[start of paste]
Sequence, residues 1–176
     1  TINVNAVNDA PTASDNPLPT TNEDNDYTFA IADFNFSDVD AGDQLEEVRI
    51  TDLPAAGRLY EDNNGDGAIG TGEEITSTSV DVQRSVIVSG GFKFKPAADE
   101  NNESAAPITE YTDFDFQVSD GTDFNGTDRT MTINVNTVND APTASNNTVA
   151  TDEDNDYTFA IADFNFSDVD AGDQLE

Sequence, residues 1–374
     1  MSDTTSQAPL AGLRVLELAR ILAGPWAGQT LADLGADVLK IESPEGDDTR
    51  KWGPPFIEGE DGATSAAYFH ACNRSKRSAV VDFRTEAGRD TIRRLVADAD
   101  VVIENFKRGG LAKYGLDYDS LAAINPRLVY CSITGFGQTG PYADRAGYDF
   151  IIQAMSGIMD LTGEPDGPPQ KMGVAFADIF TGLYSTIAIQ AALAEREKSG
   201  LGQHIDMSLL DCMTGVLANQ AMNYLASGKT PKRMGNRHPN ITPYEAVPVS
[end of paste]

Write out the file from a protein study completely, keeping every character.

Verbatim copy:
Sequence, residues 1–176
     1  TINVNAVNDA PTASDNPLPT TNEDNDYTFA IADFNFSDVD AGDQLEEVRI
    51  TDLPAAGRLY EDNNGDGAIG TGEEITSTSV DVQRSVIVSG GFKFKPAADE
   101  NNESAAPITE YTDFDFQVSD GTDFNGTDRT MTINVNTVND APTASNNTVA
   151  TDEDNDYTFA IADFNFSDVD AGDQLE

Sequence, residues 1–374
     1  MSDTTSQAPL AGLRVLELAR ILAGPWAGQT LADLGADVLK IESPEGDDTR
    51  KWGPPFIEGE DGATSAAYFH ACNRSKRSAV VDFRTEAGRD TIRRLVADAD
   101  VVIENFKRGG LAKYGLDYDS LAAINPRLVY CSITGFGQTG PYADRAGYDF
   151  IIQAMSGIMD LTGEPDGPPQ KMGVAFADIF TGLYSTIAIQ AALAEREKSG
   201  LGQHIDMSLL DCMTGVLANQ AMNYLASGKT PKRMGNRHPN ITPYEAVPVS